I suppose it’s not fair that I blame my mother for ruining that Christmas. I must have been eight or nine, old enough not to “believe” anymore, old enough to understand that whatever my mother bought would be hidden somewhere in the house. I was just being a normal kid, curious, with hope in my heart.
But if my mother had been a normal mom, she would have hidden that doll better. In fairness, it couldn’t have been easy to hide a three-foot baby doll, with the size and proportions of a real child so it could be dressed in toddler clothes.
But really, Mom, in the bathroom cupboard barely covered by the stiff, gray bath towels? I was sorry right away that I had found it, and I learned what happens to delight when surprise is erased. About the dread of faking surprise on Christmas Eve when we opened our gifts.
Maybe that Christmas was also the one when my mother used needles as fine as toothpicks to knit Barbie Doll clothes. It is only now, remembering those clothes, that it occurs to me that my mother must have waited until I went to bed to knit them so they would be a surprise, but I remember that I was surprised, and disappointed, that I didn’t get the slutty black strapless sequin dress I saw at Woolworths, the one that came with the microphone.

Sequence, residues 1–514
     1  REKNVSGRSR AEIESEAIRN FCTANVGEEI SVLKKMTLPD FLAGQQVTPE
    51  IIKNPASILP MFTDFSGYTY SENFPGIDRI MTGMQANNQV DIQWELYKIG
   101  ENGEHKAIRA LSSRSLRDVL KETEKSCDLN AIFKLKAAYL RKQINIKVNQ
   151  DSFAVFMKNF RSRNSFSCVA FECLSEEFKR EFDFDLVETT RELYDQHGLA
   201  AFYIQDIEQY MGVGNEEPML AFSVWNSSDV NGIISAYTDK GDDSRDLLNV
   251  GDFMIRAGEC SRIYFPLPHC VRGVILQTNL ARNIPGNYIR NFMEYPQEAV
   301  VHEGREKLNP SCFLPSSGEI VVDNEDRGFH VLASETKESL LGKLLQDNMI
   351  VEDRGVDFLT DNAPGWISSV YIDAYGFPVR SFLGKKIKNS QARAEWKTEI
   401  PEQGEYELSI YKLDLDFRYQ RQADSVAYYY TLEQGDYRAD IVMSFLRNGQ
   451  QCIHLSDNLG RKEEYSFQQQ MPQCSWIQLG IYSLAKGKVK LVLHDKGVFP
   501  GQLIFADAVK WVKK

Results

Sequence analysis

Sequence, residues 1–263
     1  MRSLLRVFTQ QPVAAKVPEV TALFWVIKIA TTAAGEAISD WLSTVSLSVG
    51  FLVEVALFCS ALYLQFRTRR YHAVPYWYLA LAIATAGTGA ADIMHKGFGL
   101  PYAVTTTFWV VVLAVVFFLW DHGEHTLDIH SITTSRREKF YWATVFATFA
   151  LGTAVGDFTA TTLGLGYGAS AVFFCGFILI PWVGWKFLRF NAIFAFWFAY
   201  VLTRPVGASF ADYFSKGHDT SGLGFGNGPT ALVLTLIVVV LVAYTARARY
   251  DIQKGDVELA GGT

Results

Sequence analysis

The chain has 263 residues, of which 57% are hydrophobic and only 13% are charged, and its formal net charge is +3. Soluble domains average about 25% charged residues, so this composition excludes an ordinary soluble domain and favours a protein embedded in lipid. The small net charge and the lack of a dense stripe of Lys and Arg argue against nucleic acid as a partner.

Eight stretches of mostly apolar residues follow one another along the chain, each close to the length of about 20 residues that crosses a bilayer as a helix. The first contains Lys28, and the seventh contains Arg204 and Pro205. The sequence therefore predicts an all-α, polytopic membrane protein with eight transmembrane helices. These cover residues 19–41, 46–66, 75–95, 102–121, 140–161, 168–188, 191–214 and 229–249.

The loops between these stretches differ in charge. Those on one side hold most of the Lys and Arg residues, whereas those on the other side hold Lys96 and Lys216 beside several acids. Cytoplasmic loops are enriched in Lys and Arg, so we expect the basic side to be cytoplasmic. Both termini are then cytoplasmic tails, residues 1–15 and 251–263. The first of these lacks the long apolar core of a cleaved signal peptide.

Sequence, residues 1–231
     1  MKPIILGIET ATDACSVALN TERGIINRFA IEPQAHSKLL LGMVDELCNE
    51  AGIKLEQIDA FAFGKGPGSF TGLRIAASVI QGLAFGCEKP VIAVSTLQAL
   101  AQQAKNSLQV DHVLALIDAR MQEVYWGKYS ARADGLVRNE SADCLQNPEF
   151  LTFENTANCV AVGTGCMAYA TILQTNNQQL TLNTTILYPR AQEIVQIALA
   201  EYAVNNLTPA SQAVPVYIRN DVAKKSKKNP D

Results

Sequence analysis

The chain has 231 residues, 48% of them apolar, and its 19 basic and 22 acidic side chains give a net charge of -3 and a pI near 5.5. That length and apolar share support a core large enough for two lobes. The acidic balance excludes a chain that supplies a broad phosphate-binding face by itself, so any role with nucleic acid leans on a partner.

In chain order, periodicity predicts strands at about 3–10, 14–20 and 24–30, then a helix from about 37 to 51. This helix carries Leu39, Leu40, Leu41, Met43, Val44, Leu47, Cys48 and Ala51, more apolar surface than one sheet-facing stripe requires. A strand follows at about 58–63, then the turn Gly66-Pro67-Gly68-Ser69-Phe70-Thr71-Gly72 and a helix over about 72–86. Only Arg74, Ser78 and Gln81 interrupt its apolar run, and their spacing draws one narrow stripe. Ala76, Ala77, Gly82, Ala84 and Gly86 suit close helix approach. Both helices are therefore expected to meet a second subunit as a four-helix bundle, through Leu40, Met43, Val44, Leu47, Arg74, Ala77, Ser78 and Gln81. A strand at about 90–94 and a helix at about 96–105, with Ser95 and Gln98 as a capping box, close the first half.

But, oh, the anticipation of opening those presents on Christmas Eve afternoon when Dad finally got home from his foundry’s Christmas party. No matter what was in those packages, it was more than what I had. We weren’t poor, but middle class kids just didn’t have much.
My mother often made me something. The Christmas I was sixteen, Mom made me a grey fur-trimmed maxi-coat that had a Dr. Zhivago hood going on, and it closed with metal frogs. It never fit exactly right, because of course Mom had to sew it when I wasn’t around, but I loved it and felt very sexy and sophisticated when I wore it to Rick’s uncle’s Christmas dinner.
After I opened my gifts with my parents and brother, we headed to my grandparents’ two doors down. First we had our mock turtle soup dinner, and once all of the dishes were washed and the tables were set for Christmas breakfast – this took forever, it seemed – the door to the family room was opened to reveal the bounty of a very generous Santa. You had to sidle in to find a seat; the entire center of the room was mounded with packages.
Most gifts you received in those days were surprises, but not too surprising. You might ask for a sweater, but you never know what color or pattern you’d get. Or earrings, but you didn’t know if they’d be silver or gold, studs or dangles.
Back then, you rarely returned gifts, unless they were damaged or the wrong size. You loved the gift because you loved the giver, and you always made an effort to use the gifts in their presence.
My crazy–in-mostly-a-good-way aunt really didn’t care about your wish lists. She bought what fancied her, like the year she bought all the adult children gingham nightshirts. My dad and his siblings and their spouses with the ankle-length nightshirts on. Wish I could find that picture.
My grandmother had an algorithm for determining her budget for each gift—a certain amount for children and their spouses, another for her grandchildren, and the smallest amount for her great-grandchildren. She would always buy a gift from your wish list, but if the gift did not cost the budgeted amount, you might find a pair of stockings or knee socks or two dollar bills in the box to make up the difference.